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Ryan Murphy's American Horror Story franchise is known for many things, including its frequently bonkers plot twists, gruesome death scenes, A-list celebrity cameos, and campy, over-the-top style. An anthology series that changes its settings and stories each season but tends to rely on the same stable of core performers, the show's constantly shifting framework allows it to explore many facets of evil, from the theological to the supernatural and everything in between.
Over its nine seasons to date, the show has tackled stories about ghosts, vampires, witches, aliens, serial murderers, and even the occasional Nazi. Individual seasons have been framed as everything from a reality television series to a 1980s slasher flick, a simple ghost story to a complex commentary on the current state of American politics. But no matter what its setting might happen to be, at the end of the day American Horror Story remains one of the most compelling series on television because it recognizes a simple truth: The most frightening forms of evil are the ones that look just like us.
Back in the second season, known as Asylum, Sister Jude Martin, the stern head nun in charge of Briarcliff Hospital ominously remarks that "all monsters are human." One of the best-known quotes from the series, that comment has gone on to adorn various forms of AHS merchandise and Hot Topic gear in the years since. But the thing is, Jude is 100% right.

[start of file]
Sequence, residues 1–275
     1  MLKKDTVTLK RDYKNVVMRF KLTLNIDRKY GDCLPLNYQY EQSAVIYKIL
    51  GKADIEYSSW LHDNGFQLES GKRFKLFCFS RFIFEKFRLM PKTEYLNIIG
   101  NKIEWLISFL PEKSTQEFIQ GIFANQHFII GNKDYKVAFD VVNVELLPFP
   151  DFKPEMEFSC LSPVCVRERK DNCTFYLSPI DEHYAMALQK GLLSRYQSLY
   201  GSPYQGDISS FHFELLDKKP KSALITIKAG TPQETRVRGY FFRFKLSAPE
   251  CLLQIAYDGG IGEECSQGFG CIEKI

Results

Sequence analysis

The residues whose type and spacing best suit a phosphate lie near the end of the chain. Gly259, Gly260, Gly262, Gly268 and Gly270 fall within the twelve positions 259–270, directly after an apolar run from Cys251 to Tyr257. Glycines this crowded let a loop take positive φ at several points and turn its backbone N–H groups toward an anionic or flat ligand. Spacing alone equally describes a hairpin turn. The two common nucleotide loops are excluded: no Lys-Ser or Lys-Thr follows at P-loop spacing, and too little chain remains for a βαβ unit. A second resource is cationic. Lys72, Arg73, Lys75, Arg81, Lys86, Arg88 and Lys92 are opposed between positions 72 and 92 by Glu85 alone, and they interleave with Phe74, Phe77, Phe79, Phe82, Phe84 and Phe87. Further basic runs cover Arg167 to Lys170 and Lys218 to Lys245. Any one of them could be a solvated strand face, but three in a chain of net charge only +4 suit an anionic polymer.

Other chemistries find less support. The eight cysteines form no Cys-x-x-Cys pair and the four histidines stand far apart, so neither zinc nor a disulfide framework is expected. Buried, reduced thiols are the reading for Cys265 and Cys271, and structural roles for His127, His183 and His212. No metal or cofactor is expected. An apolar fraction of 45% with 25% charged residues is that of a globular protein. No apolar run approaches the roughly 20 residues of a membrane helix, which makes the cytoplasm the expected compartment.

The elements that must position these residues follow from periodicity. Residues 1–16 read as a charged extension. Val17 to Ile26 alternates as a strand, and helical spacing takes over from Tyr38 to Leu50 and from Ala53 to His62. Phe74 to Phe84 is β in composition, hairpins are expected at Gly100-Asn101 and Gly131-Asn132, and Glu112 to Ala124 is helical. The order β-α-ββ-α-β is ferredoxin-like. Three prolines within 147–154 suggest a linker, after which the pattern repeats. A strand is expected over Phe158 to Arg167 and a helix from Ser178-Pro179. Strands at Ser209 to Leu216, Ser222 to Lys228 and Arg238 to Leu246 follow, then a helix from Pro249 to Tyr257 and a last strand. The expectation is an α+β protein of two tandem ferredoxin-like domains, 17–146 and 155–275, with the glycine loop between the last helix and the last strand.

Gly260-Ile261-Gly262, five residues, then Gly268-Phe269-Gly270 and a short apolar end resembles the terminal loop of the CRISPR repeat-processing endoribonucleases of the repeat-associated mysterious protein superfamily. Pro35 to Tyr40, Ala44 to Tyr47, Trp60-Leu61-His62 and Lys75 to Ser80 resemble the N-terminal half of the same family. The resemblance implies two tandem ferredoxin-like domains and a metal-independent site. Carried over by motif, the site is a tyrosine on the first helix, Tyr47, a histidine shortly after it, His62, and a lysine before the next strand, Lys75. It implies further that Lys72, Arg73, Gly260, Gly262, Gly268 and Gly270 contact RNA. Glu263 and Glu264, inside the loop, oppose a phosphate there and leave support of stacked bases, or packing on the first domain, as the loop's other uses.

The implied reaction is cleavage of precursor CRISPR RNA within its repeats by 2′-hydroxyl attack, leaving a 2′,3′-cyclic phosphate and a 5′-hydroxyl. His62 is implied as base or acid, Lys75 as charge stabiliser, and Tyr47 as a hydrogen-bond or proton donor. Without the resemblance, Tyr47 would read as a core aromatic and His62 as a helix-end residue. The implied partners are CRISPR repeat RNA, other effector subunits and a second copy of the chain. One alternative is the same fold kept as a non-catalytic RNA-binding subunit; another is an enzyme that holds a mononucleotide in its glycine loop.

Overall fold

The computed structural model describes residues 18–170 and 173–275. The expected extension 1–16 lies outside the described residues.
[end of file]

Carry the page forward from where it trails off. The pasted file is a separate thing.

American Horror Story may be more popularly known for things like the mysterious Rubber Man from Murder House, the terrifying clown from Freak Show, or the literal Antichrist that appears in Apocalypse, but a big part of the reason people keep coming back to this series is that no matter how bizarre or bloody it gets, we can still see ourselves in it.
Whether we're talking about a dangerously superpowered witch who fears losing her beauty and power (Coven), a nun who tortures others as a way of exorcising her own demons (Asylum), a woman who wants to punish the society that threw her out (Roanoke), or a Jill Stein voter who allows her phobias to turn her into precisely the thing she fears most (Cult), the protagonists of every AHS season are people before they are — or ever were — monsters, and it doesn't always feel like they're that different from us when you take a moment to look at them in the light.
But nowhere is this trend more evident than in the series' first season, and the story that ultimately sets up everything that comes after it. Murder House is, at its heart, a fairly traditional haunted house story, even as it uses horror tropes to tell the story of a family torn apart by infidelity, death, and grief. The ghosts and memories that live in the Harmon home are all the result of very human failings, and the family they haunt has more than their share of personal demons.
The show is as focused on present-day problems such as Ben Harmon's infidelity and Constance's Langdon's abusive relationships with her children, as it is with the grisly historical crimes that bookend each installment (which run the gamut from the infamous Black Dahlia case to child murder).